Martyna’s Story

Q: What is your name and how old are you?
A: My name is Martyna, I’m 15 years old, and I’m from Poland.

Q: How long have you had Tourette Syndrome?
A: I was diagnosed with Tourette’s about 2 years ago.

Q: What kinds of tics do you have?
A: When I was younger I had a lot of different tics like eye rolling but they weren’t very noticeable. When I was 13 I started to shout and I didn’t know what was happening to me. My parents were really sad and angry. Now, I’m taking a medicine that really works for me so my tics are a lot better.

Q: What is life like for you living with Tourette Syndrome?
A: Life with Tourette’s is really hard. When I first started to have tics it is very difficult, but it got easier as time went on.

Q: What’s the hardest part about having Tourette’s?
A: I think the hardest part about having Tourette’s is meeting new people. They don’t know why I’m shouting and sometimes they are scared. It’s hard going to the movies and my main problem is going to church! I can’t stop ticcing in church.

Q: What advice can you give others who are newly diagnosed with Tourette Syndrome?
A: Don’t worry, just be happy! You must live the life! Dont worry about people who don’t understand. Think positively!

Q: What do you think other people should know about Tourette Syndrome?
A: Other people should know that our tics aren’t our fault and they should accept us.

Q: What are your strengths and what do you like to do?
A: I really love reading books! My favorite genre is fantasy. I am interested in learning more of the English language and next year I’m going to be in a special English competition.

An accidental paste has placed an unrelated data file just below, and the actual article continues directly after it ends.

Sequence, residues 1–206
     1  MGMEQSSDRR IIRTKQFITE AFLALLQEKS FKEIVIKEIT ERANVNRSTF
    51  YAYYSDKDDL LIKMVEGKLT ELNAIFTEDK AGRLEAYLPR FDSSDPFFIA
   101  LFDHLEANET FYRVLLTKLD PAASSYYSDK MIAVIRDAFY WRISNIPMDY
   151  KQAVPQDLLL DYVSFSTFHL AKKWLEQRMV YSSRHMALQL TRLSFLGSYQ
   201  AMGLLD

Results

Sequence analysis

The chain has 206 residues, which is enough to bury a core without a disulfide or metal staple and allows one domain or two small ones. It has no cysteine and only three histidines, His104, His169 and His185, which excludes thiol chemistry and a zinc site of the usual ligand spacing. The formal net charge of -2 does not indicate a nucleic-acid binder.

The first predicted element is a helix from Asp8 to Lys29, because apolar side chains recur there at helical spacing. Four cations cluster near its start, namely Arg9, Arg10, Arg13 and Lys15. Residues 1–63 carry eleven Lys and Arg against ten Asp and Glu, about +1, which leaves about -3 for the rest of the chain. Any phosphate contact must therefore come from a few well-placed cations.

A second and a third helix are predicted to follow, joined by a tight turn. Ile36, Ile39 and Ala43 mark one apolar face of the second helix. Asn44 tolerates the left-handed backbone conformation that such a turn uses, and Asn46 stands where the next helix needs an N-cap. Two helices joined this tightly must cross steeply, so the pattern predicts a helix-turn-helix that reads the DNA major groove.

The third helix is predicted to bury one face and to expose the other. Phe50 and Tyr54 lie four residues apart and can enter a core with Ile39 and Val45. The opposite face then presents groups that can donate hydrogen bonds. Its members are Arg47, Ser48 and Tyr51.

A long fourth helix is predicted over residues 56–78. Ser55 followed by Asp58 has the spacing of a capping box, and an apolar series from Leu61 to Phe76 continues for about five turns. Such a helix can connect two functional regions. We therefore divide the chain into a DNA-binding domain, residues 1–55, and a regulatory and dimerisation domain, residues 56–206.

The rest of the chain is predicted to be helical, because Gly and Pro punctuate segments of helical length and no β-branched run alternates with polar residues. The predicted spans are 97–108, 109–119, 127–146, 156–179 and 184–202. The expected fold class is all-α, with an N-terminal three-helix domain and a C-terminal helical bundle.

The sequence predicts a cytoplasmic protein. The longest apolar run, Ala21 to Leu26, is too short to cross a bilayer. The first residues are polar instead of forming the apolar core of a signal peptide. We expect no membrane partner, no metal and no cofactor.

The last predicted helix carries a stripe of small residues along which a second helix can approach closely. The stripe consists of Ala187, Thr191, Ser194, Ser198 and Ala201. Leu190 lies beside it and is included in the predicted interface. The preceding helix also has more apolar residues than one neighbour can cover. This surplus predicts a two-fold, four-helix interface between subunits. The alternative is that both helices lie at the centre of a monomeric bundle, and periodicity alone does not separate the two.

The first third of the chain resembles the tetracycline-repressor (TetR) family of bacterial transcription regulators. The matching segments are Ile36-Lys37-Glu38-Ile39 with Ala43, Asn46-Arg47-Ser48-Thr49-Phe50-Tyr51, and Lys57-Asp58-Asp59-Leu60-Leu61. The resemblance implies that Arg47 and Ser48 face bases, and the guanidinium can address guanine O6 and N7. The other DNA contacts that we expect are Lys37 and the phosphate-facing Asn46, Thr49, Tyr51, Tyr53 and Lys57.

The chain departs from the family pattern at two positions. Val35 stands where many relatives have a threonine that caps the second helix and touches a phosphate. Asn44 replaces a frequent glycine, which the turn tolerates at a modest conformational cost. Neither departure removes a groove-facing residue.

Q: What are your goals in life?
A: When I grow up I want to be a doctor and help polish people who have Tourette Syndrome. I will be a doctor with my own experience with having Tourette’s. I would like to say you more but I can’t find enough words in English.

Friends are our first line of defense

Feeling a little better about my new swearing tic thanks to my amazing friends! I was texting one of my best friends in college who is going to live in my suite this year and I told him about it. He was so amazingly supportive like always. We’re going to be in a class this year together and so he texted me back saying, “if you do it in class, i’ll give a mean glare to whoever looks at you!” He also said, “I was going to say that I would swear with you, but then I realized that would cause more problems. haha, if we aren’t in class I’ll definitely join in.

I have the best friends in the world! I was feeling so nervous about starting school with this new tic earlier today before I talked to him, but now I’m feeling so much more confident and less nervous about it. Out of all the things I can try to do to make myself feel better when i’m ticcing or nervous about ticcing, nothing helps more than when other people make me feel at ease about my tics by standing up for me when people stare, joining in with me, or joking with me/making light of my tics.

Accepting and supportive friends truly make such a huge difference in my life that I can hardly put it into words. Thank you to all those friends out there who are our first line in emotional support. You do more for us than you could ever imagine.